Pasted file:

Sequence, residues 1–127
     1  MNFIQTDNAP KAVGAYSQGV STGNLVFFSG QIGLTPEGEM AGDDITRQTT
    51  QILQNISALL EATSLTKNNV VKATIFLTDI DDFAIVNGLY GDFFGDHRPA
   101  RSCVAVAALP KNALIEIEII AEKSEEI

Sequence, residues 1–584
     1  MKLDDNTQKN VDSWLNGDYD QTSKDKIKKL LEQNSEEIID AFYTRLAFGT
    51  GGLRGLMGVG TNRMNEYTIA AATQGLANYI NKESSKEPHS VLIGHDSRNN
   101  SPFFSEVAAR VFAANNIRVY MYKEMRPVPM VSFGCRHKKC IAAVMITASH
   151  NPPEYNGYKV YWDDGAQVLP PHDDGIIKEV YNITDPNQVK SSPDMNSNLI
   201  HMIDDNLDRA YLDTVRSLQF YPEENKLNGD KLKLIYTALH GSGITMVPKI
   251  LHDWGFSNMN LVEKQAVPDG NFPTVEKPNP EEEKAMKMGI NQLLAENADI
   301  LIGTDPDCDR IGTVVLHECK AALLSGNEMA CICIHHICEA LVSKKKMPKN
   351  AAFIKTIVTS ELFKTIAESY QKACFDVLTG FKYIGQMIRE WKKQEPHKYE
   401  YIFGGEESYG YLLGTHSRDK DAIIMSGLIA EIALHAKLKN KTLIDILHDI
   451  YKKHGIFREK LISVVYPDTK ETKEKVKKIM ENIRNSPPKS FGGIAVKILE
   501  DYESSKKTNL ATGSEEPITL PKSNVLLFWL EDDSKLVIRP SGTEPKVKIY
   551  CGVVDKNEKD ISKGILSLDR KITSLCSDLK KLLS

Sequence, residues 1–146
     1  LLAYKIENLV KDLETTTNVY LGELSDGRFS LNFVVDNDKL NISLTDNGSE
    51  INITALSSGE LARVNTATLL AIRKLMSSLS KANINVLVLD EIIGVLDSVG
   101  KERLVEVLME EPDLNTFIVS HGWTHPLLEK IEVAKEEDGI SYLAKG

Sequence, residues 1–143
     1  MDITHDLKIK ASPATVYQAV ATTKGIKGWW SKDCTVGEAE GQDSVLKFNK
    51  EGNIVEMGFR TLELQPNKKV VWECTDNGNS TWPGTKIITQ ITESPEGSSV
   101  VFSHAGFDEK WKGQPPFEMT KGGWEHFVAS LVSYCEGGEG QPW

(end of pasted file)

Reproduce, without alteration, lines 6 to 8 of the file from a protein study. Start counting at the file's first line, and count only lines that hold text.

     1  MKLDDNTQKN VDSWLNGDYD QTSKDKIKKL LEQNSEEIID AFYTRLAFGT
    51  GGLRGLMGVG TNRMNEYTIA AATQGLANYI NKESSKEPHS VLIGHDSRNN
   101  SPFFSEVAAR VFAANNIRVY MYKEMRPVPM VSFGCRHKKC IAAVMITASH